Hong Kong’s immigration chief has said that there is “no conspiracy involved” in denying certain visitors entry into Hong Kong without explanation.
Director of Immigration Erick Tsang said on a radio programme on Sunday morning that tens of thousands of people were denied entry to Hong Kong every year. He added that his department has been acting in accordance with the law in Hong Kong.
Tsang’s remarks follow a number of politically sensitive cases of denied entry to Hong Kong, and problems with visa applications. Namely, the de facto expulsion of Financial Times journalist Victor Mallet. Mallet had his Hong Kong visa renewal denied after he chaired a talk by pro-independence activist Andy Chan.
More recently, a Taiwanese pro-independence legislator and musician Freddy Lim had his visa application to perform in Hong Kong show denied in December last year.
“Every decision we made was in accordance with existing laws, procedures and policies. We cannot go against the law or do whatever we like,” Tsang said.
“Tens of thousands of people were denied entry to Hong Kong every year. Maybe they did not fit with immigration requirements, or their presence may not be beneficial to Hong Kong,” he said.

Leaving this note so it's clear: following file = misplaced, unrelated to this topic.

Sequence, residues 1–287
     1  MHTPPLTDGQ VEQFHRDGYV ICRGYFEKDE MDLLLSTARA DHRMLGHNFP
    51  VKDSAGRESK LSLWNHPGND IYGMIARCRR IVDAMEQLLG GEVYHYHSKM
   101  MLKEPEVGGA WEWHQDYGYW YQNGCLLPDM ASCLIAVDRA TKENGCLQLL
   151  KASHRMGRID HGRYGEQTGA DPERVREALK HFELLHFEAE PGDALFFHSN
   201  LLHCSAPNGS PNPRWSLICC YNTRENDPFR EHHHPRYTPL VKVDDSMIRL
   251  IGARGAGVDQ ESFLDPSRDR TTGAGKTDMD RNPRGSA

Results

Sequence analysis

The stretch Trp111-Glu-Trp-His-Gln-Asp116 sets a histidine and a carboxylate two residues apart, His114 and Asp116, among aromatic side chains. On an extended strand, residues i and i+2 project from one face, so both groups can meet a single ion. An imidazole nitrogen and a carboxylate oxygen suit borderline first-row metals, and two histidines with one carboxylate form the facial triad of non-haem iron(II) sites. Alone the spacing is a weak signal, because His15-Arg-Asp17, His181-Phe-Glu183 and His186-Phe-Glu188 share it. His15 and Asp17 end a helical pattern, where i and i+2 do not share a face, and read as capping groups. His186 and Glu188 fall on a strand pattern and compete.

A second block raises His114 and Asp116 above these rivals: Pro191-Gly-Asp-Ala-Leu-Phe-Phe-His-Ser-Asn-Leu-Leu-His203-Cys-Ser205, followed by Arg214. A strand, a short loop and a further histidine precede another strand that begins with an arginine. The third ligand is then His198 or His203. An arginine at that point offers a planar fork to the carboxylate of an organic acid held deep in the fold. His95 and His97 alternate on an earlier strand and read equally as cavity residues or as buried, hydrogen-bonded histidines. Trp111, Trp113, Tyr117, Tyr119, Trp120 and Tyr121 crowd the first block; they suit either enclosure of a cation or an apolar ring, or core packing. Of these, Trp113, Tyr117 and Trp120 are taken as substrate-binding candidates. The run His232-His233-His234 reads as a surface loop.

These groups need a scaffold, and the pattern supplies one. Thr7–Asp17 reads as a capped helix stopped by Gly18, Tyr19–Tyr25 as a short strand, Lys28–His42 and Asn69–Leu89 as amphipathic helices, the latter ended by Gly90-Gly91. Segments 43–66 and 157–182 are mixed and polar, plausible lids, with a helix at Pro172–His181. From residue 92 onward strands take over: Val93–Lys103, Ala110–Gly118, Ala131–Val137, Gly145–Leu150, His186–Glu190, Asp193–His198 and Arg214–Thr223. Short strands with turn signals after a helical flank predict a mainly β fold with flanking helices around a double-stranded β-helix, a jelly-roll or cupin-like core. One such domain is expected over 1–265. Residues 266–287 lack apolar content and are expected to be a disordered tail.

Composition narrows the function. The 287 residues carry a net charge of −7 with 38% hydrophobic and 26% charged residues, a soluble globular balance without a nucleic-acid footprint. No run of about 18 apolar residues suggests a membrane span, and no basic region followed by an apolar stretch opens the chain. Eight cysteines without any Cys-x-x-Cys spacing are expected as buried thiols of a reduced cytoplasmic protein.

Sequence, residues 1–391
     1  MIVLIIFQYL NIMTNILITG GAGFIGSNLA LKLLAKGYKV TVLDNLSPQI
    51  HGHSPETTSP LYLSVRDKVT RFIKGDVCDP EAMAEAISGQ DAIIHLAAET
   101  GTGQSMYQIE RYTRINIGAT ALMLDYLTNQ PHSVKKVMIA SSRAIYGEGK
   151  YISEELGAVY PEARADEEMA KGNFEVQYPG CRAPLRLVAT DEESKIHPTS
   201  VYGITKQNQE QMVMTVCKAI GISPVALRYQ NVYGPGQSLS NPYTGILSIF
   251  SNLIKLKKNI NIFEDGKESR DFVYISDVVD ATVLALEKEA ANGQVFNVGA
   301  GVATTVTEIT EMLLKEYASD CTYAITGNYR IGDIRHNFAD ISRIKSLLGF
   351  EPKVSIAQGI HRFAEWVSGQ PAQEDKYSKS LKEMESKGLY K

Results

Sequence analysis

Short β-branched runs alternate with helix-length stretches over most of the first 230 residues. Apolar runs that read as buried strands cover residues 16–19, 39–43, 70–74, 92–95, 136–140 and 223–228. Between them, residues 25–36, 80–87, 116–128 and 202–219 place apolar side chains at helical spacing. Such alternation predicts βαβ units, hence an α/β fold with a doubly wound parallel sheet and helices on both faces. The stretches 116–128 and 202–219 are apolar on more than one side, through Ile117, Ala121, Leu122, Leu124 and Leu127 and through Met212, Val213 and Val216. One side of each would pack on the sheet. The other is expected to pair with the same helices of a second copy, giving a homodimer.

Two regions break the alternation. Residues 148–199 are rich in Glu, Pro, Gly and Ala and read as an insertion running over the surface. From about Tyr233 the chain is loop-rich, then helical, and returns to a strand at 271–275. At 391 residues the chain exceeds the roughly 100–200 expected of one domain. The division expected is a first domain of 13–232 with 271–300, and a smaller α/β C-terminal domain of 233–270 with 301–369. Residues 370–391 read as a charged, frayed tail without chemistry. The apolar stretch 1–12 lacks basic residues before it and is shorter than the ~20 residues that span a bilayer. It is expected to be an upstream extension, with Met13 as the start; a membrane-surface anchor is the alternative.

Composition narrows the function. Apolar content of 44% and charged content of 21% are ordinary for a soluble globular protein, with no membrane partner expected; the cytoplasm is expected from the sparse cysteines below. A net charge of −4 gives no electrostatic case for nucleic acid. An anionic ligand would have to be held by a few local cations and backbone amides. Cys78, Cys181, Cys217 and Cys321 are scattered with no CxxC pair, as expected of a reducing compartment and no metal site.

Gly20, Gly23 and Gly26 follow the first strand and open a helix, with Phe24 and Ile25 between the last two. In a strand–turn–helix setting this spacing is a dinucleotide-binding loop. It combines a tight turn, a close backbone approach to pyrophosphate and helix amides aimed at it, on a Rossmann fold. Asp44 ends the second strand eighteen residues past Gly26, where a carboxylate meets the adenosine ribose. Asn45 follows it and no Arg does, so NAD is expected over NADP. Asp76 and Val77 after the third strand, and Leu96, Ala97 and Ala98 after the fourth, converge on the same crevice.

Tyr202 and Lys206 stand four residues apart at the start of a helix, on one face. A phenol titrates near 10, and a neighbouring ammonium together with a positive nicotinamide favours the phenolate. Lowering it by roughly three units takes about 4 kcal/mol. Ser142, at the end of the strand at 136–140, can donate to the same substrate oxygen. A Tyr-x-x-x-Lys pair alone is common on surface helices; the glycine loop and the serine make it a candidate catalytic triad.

He gave examples of parallel traders and pregnant women from Mainland China who had not made hospital appointments as cases in which visa applications to Hong Kong might be rejected.
“We reject a lot of [cases]…” he said, adding; “do not think there is a conspiracy, that there are some special [treatment].”
Asked if he was the person to make the final decision in these rejections, Tsang said that decisions had been made by frontline staff at control points, in accordance with the existing set of rules.
“If I am needed on all decisions, it will still not be possible, even if I sit at all 16 checkpoints across Hong Kong,” he said.
Meng Wanzhou, the Chief Financial Officer of Chinese tech giant Huawei was arrested in Vancouver in December. Canadian court documents revealed that she had three Hong Kong passports, each with different numbers. It was later revealed that the previous two passports had been invalidated.
Tsang said that it was not uncommon for an individual to hold more than one Hong Kong passport, but that one can only hold one valid passport at any given time.
“[If] I give you a new passport, the old one will have a corner cut and be cancelled,” he said.